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Earth observation: Global cooperation becomes real

Earth observation: Global cooperation becomes reality

Today is the occasion of the Third Earth Observation Summit, hosted by the European Commission in Brussels. Representatives of around 60 nations and over 40 international organisations will endorse a 10-year plan with concrete steps towards comprehensive co-operation in Earth observation. Over the next decade, this system will increase our understanding of the Earth and how it works. With benefits as broad as the planet itself, this initiative promises to make peoples and economies around the globe healthier, safer and better equipped to manage their basic daily needs. The aim is to create an observation system as , providing theinterrelated as the planet it observes, predicts and protects science on which sound policy and decision-making can be built.

“The tsunami disaster has shown us just how important earth observation can be, by providing invaluable data to support the immediate humanitarian response and now reconstruction. Global problems need global solutions. By working together across the world to interlink all our earth observation systems, whether in space, in the air or on the ground, we will be giving ourselves the instruments to tackle these problems more effectively”, said European Research Commissioner Janez Potočnik.

“It is very fitting that we are today, on the date of entry into force of the Kyoto protocol, launching a system that will greatly enhance our understanding of the environment and will hopefully help us to do what we can to improve it”, said European Commissioner in charge of Environment Stavros Dimas, who delivered the opening address.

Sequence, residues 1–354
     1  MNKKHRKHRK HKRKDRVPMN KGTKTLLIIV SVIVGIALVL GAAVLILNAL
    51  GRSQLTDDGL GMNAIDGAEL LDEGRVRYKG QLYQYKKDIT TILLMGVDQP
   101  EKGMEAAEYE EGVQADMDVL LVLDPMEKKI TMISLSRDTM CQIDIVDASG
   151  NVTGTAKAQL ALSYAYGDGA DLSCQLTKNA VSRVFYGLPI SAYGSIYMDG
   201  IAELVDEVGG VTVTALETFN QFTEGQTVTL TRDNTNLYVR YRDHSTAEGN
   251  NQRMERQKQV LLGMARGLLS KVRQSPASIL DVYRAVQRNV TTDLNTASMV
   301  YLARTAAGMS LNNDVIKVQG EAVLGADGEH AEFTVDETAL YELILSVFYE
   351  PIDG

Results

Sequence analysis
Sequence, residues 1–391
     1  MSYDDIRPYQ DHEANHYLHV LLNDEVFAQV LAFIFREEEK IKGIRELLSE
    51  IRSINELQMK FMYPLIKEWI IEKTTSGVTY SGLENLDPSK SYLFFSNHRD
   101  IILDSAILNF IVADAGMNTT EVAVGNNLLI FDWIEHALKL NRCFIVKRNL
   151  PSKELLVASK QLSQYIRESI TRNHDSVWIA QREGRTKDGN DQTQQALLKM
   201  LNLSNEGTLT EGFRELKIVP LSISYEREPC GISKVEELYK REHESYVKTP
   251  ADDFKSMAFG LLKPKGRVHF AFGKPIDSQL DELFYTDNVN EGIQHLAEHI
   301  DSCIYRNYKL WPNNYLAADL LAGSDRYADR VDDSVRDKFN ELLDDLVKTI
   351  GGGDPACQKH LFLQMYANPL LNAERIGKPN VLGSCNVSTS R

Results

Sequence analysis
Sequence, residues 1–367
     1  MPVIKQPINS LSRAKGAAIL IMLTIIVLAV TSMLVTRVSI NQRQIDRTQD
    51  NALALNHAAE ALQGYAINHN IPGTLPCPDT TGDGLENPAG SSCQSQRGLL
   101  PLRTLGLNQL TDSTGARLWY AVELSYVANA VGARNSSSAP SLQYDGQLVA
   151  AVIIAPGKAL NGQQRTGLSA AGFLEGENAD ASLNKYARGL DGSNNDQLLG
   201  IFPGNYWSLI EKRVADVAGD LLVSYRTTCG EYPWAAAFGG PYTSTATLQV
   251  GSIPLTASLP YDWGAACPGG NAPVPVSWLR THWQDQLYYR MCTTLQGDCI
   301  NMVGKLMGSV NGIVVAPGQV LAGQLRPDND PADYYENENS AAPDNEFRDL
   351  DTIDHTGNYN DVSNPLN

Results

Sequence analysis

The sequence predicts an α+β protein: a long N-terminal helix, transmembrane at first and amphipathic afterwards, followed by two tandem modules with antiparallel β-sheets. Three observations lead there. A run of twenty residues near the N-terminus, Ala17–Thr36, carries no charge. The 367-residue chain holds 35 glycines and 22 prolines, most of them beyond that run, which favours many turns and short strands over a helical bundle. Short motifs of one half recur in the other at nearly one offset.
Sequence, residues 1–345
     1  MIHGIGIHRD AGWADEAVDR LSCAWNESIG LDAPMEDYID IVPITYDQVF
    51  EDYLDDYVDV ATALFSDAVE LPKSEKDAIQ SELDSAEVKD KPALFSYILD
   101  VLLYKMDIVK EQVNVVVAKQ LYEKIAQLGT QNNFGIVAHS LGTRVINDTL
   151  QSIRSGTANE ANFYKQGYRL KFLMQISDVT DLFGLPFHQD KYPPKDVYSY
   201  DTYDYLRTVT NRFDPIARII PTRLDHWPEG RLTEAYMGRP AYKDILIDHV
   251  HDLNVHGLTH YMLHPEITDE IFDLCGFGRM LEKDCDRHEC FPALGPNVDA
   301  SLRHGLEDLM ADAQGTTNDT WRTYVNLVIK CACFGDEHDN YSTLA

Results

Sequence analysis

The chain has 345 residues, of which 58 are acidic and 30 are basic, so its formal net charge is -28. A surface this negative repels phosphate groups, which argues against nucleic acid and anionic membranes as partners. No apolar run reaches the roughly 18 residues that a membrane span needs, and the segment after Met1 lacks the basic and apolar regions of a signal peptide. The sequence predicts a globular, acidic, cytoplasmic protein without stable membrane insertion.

There are many nations and agencies constantly using Earth observation tools, but until now co-operation has been limited. With so many countries and organisations agreeing to work together to collect and share data from individual systems, the benefits of Earth observation will grow and will be available to citizens around the globe.

This Third Earth Observation Summit will have a significant number of participants from the developing world. Adapting this global initiative to their interests will bring with it social and economic benefits. These will include a greater understanding of environmental factors affecting human health and well being, improved water resource management, reduced loss of life and property from natural disasters, sustainable agriculture and measures to combat desertification.

Today’s agreement on the Global Earth Observation System of Systems (GEOSS) will provide the overall conceptual and organizational framework for global Earth observation to meet user needs. GEOSS will be a “system of systems”, existing and future, supplementing but not supplanting each system’s own mandates and governance arrangements.

It will provide the institutional mechanisms for ensuring the coordination and strengthening of existing global Earth observation systems. GEOSS will build on the success of Earth observation research programmes, and help the systems to be used in a practical way.

More information on the Earth Observation Summit can be found at the Earth & Space week website:

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